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Officials Identify Remains of Two Hijackers Through DNA

By TINA KELLEY
Published: March 01, 2003

The city medical examiner's office has identified the remains of two of the terrorists who attacked the World Trade Center, a spokeswoman said last night.

The remains have been removed from Memorial Park, where the 19,935 pieces of unidentified remains have been stored since shortly after the attack. Ellen S. Borakove, a spokeswoman for the medical examiner's office, declined to say where the remains of the hijackers had been taken.

''Some time ago the families made a request of our office that if we could make an ID of the remains of the hijackers that we would take them out of Memorial Park,'' she said, referring to the parking-lot-turned-memorial on East 30th Street between First Avenue and Franklin D. Roosevelt Drive where the remains are stored.

The families did not want the remains of the terrorists to be part of any memorial to the victims of the attack, she said.

''We asked the F.B.I. for any information they had, and they gave us 10 full DNA profiles of the terrorists,'' she said. The profiles did not include the terrorists' names.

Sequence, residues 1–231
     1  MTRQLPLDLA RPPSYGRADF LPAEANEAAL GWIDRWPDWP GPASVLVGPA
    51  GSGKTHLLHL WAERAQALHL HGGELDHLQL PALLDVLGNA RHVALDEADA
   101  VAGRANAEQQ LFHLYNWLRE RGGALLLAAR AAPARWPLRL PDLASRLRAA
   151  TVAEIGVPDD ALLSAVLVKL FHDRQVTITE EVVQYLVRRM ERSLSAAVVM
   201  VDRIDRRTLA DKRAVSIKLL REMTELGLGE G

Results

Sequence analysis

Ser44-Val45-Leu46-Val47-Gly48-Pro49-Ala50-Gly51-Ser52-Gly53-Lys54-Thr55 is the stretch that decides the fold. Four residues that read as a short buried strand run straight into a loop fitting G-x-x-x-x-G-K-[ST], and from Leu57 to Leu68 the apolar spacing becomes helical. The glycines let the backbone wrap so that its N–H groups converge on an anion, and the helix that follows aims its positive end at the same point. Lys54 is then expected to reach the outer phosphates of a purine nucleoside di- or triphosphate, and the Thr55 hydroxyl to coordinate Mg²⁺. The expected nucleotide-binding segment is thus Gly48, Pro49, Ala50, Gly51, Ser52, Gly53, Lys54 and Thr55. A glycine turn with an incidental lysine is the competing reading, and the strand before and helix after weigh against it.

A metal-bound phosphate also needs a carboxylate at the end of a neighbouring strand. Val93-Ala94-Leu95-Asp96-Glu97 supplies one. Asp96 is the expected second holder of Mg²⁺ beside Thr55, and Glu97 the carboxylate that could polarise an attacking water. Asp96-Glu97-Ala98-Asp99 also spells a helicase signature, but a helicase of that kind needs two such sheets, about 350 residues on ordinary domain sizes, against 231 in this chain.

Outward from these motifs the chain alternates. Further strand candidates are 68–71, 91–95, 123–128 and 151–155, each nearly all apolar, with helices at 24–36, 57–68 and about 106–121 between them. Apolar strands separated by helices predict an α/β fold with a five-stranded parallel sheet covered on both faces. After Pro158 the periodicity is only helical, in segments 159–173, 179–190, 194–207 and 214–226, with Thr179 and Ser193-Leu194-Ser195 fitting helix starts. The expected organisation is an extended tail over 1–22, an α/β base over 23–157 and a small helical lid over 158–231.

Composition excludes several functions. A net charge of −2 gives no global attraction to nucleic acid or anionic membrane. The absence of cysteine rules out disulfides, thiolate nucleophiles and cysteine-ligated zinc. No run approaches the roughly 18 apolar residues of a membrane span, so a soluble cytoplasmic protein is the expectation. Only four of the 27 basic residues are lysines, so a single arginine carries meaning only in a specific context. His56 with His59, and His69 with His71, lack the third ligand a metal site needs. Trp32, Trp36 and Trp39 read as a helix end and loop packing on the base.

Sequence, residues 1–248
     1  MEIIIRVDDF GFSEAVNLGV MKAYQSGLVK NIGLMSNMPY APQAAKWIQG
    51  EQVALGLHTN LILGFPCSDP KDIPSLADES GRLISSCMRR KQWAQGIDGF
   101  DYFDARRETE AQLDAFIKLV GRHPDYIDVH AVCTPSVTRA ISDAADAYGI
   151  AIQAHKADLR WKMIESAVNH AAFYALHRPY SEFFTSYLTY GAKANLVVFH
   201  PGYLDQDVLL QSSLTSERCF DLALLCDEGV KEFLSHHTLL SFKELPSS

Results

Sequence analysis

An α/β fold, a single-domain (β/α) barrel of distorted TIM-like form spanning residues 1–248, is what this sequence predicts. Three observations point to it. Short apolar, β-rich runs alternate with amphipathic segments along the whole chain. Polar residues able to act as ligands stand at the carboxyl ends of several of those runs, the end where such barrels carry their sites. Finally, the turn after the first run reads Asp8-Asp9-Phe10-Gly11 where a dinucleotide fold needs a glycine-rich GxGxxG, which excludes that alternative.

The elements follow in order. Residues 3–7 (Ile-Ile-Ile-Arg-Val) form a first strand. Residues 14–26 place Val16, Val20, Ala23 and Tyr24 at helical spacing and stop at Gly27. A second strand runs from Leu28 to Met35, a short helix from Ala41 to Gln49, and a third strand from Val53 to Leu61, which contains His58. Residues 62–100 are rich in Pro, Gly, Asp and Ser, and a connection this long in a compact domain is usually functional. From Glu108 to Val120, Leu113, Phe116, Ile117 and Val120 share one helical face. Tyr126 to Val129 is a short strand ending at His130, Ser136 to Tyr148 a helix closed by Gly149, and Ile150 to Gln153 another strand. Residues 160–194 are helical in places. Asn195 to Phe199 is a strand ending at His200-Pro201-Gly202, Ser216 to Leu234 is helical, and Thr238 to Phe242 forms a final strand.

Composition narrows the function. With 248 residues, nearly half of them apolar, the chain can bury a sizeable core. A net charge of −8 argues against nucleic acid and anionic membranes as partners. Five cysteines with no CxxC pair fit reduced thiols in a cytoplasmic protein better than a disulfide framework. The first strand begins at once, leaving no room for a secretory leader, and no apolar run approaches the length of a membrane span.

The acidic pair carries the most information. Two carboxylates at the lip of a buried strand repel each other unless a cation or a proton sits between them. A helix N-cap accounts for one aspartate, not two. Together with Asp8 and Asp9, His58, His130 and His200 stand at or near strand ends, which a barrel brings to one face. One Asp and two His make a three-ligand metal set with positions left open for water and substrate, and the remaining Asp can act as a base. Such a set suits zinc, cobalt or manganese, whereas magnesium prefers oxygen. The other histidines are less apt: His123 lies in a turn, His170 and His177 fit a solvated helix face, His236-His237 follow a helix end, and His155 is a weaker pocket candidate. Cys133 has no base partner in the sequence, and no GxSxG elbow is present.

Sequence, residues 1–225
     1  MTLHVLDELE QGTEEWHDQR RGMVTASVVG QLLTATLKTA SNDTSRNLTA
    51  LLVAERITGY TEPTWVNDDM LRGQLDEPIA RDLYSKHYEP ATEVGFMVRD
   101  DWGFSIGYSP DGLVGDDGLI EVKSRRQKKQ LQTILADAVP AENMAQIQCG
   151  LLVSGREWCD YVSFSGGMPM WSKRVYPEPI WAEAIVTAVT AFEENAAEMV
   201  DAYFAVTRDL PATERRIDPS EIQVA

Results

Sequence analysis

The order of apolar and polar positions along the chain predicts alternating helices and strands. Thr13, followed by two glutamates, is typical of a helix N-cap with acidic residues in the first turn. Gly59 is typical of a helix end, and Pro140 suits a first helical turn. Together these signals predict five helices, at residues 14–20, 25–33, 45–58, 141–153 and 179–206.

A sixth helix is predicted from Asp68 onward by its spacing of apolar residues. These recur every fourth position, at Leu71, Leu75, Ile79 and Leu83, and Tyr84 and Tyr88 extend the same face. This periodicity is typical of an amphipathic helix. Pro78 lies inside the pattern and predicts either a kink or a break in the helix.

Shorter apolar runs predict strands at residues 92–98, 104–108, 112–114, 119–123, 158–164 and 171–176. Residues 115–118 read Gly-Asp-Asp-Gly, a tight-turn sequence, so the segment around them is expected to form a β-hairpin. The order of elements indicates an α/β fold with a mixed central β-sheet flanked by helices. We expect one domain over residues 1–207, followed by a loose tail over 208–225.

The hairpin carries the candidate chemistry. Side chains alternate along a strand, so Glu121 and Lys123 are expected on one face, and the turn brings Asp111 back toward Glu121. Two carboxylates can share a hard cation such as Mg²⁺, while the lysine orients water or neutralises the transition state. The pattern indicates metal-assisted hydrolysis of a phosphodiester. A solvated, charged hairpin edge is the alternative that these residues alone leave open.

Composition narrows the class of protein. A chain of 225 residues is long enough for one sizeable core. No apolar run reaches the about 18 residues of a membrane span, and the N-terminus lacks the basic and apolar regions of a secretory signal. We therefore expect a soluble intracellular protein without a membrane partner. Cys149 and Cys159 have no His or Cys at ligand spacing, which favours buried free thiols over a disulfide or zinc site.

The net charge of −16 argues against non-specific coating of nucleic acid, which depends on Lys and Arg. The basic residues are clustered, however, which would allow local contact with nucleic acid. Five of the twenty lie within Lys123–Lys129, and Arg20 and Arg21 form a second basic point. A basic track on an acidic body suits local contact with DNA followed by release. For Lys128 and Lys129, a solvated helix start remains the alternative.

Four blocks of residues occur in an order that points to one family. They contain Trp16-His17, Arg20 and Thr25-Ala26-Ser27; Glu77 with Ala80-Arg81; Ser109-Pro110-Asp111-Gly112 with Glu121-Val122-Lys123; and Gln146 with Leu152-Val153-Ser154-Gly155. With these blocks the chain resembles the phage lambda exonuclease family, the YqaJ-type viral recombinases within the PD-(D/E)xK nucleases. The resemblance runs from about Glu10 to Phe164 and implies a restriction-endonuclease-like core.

John Cartier, a member of the victim advocacy group Give Your Voice, told The Associated Press that he was relieved to hear that some of the terrorists' remains had been separated from those of their victims. ''I think they should be used as dirt in the road,'' said Mr. Cartier, whose brother James Cartier died in the attack.

''We have to deal with the realization that our loved ones are coming home to us in small, little, tiny pieces,'' said Mr. Cartier, whose brother's remains have been identified. ''We just wanted the efforts made to remove -- as best they can, with the technology available -- those cowards who murdered our loved ones.''

Of the 19,935 remains sent to Memorial Park after the attack, the medical examiner's office has identified 6,300; they are the partial remains of 1,468 people, not including the hijackers, she said. Of the 1,468, Ms. Borakove said, 737 were identified by DNA alone.

In about half the cases, forensic scientists were able to obtain a full DNA sample from the body parts.

A quarter of the cases yielded partial genetic information, and a quarter yielded none.

''We're preserving all the remains that are unidentified, by a drying process,'' she said, ''so if different technologies surface, we can go back and keep trying to identify them.''

Patrick Cartier, James Cartier's father, said he liked the idea of a Tomb of Unknown Victims, which would include the remains of people who are not identified. He said that this would help to the surviving families.

''It's sympathetic to them, that they would at least know there's a place that their loved one might be,'' he said. ''That's a very generous thought.''